Sunbeams bounce off the stack of book beckoning dust particles to flight
and announcing the passing of a day.
My son has arisen from his virus-induced stupor and occupies himself with homework
of days gone by.
of the sun
and all that is compressed between east and west
is a day in the life.
At day’s end, we could write a daily memoir.
I suppose that really is what a diary or a journal compiles.
I imagine most people wouldn’t consider their lives interesting enough
for public consumption.
Yet aren’t we curious about other people’s lives and thoughts?
Memoirs give us that “fly on the wall” experience.
Memoirs have become one of my favorite genres to read.
The books picture at the top of this page are ones I grabbed
from my shelves and baskets.
It is by no means an exhaustive list but books which have
knitted themselves deep into my soul.
(I am just now remembering I forgot Cold Tangerines.)
Click the book title link for synopsis information.
Below each title will be my brief attempt to explain why
the book is found on my stack.
I remember early marriage and parenthood. I remember trying to
figure out that delicate balance of trying to do it all, carve out an
identity and stay close to God.
Reading this book took me back to that time and even now, I still
try to juggle it all with less flexible hands. I am a sucker for someone
who is sweet on the Benedictine monks and likes to hang out with them.
This book reminded me of the joy of realizing the God you fear
is hiding is simply waiting to be found.
Lauren Winner was raised by a Jewish father and a lapsed Southern Baptist mother.
She became an Orthodox Jew.
This memoir is about how she became a Christian.
My Christian make-up has looked different over the years.
Perhaps depending on what
church I was attending.
At times, I have felt an outsider.
Other times, I have felt I had to be separate.
Although Lauren Winner and I have very different religious experiences,
reading this book gave me freedom to grab back practices
I mistakenly felt I needed to abandon.
Truly I want my faith to look like God and not a church.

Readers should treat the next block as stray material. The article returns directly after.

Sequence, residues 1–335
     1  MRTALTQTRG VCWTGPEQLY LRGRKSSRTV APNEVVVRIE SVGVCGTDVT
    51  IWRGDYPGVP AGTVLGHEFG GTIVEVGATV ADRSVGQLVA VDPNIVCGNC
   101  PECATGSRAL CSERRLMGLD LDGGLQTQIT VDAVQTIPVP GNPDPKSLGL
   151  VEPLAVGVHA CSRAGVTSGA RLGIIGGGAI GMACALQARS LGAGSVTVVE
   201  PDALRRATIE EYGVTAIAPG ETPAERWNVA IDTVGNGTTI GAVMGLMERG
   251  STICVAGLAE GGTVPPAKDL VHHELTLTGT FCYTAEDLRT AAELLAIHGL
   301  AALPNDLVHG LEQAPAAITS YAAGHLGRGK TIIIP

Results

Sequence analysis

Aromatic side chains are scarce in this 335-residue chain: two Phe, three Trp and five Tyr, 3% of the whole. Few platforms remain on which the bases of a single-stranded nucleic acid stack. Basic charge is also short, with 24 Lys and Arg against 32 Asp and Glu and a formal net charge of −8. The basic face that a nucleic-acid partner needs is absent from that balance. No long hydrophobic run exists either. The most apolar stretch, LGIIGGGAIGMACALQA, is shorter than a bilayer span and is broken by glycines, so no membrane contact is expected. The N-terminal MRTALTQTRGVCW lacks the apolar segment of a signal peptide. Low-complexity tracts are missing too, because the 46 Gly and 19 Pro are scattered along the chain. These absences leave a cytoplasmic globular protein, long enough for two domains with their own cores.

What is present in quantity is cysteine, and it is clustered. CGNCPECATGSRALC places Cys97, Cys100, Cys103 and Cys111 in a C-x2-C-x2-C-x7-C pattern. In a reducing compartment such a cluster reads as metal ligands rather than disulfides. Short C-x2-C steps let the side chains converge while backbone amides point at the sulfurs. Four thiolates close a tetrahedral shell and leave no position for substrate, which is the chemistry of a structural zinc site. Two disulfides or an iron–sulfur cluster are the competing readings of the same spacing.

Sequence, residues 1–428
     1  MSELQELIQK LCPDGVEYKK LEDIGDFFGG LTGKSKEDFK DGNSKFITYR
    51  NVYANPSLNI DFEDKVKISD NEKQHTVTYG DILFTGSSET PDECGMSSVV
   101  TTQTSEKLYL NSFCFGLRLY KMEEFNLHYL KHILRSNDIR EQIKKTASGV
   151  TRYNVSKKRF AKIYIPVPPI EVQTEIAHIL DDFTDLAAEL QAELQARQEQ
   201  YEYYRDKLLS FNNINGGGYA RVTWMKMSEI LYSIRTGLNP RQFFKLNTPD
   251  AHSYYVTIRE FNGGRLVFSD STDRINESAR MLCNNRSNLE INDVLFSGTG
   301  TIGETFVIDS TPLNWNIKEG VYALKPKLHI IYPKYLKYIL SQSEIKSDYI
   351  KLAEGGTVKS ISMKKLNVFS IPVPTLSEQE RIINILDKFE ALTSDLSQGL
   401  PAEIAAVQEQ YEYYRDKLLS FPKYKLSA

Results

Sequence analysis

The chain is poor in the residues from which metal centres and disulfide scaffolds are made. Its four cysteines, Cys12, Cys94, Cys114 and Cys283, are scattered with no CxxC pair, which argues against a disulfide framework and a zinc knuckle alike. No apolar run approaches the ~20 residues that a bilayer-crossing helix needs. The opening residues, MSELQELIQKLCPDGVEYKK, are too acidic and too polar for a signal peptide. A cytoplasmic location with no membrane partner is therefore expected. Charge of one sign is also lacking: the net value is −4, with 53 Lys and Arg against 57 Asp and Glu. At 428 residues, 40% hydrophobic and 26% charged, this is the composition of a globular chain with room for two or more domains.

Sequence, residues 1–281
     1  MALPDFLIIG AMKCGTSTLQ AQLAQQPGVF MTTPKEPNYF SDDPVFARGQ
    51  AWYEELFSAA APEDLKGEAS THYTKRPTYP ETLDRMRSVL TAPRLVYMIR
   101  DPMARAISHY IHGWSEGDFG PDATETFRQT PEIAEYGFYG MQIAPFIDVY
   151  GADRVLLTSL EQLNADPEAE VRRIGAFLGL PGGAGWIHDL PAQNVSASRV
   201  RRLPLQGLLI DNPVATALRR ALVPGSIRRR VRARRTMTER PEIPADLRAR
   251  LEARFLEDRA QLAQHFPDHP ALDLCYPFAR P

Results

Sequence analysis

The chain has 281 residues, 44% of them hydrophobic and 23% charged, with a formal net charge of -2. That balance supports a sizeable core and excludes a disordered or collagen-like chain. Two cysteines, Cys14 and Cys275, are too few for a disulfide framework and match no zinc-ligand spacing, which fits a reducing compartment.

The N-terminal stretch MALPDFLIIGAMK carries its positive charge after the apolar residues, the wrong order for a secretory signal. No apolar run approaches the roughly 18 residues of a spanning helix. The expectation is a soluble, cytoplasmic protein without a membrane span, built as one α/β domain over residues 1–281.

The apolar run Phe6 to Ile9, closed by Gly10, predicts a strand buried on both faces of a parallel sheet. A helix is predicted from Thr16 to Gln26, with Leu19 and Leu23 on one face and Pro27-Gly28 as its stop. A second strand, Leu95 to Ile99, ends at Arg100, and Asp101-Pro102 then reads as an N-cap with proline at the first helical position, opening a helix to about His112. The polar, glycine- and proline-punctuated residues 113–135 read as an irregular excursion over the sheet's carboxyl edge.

This was the first book that blew open the door to
being real in matters of faith.
Anne was everything that this good girl was not and was
too afraid to admit,
I was only a whisper away from being not so good.
I don’t think I have read any of her books without nodding and
“uhuh-ing” and laughing.
She helped me see all of life as a sacred hilarious faith walk.
She prodded me to pay attention long enough to see God
right there in the midst of the most simple things.
When faced with the mundane,
I am confronted with the Holy.
(P.S. I dragged Carl to a reading years ago to hear
Anne and we laughed ourselves silly.
I was 10 years late to the party for this book but right on time for me.
If Anne Lamott opened the door to thinking about faith from a different
Donald Miller thrust back the hangar door.
I am not sure I can adequately describe why this book had
such an impact other than I read it quickly,
I didn’t underline much because of the speed.
It was page after to page of confirmation
of my thoughts about faith.
I didn’t know that in less than a month after reading this book,
we would be leaving our church and would land in the church
he helped plant.
This book helped me to remain in church.
It is always hard to pick a favorite but if I did,
it would be An Altar in the World.
If the last two books, gave me permission to ask
questions and to think differently about faith.
This book was the one which wrapped its paper
arms around me and showed me my reflection.
So much of this blog is about paying attention
and striving to see the spiritual in the natural.
Barbara Brown Taylor declared from every
page, “Me too, Helen. Me too.”
If you have ever been a chronic rule follower, a perfectionist,
or someone who felt they could obey well enough to earn God’s
love, you will speed through these pages.
I cringed for the girl I have been and the woman who still wants to
be good enough for God.
God is not armed with a measuring stick.
He is all grace.
My friend Paige and I have a long distance book club. We send
each other books we love, in hopes of the gift of shared book affection.
Paige sent me Tattoos and I was riveted.
Gregory Boyle began a gang-intervention program in Los Angeles called
Homeboy Industries. The stories chronicled in this book will break
your heart and deposit hope into your soul.
I was reminded what a difference extending compassion rather than
judgment can make in another person’s life.
Thank you Paige!
Sometimes books are just made for dreaming.
I can only dream that my mother and I would be able to take
several trips to Greece, Turkey and France.
But Sue Monk Kidd and her daughter Ann Kidd Taylor didn’t
dream, they lived the experience and documented it.
Perhaps this book also possessed a piece of reality as Sue
was turning 50 and so was I.
Her daughter was 21 and so was one of mine.
It was a glimpse inside both women’s attempts to grapple with
these milestone ages and their relationship now as adults.
If you have read The Secret Life of Bees, this books hints
of those buzzing bees to come.
If you just like to read about travel with a mixture of some
mysticism, I know you will enjoy this book.
Three days absence= one long post
More shorter posts on the way this week.
Hooray for memoirs.
What’s your favorite memoir?
This post is apart of the 31 days…yet again series
about books. You can find the entire series here.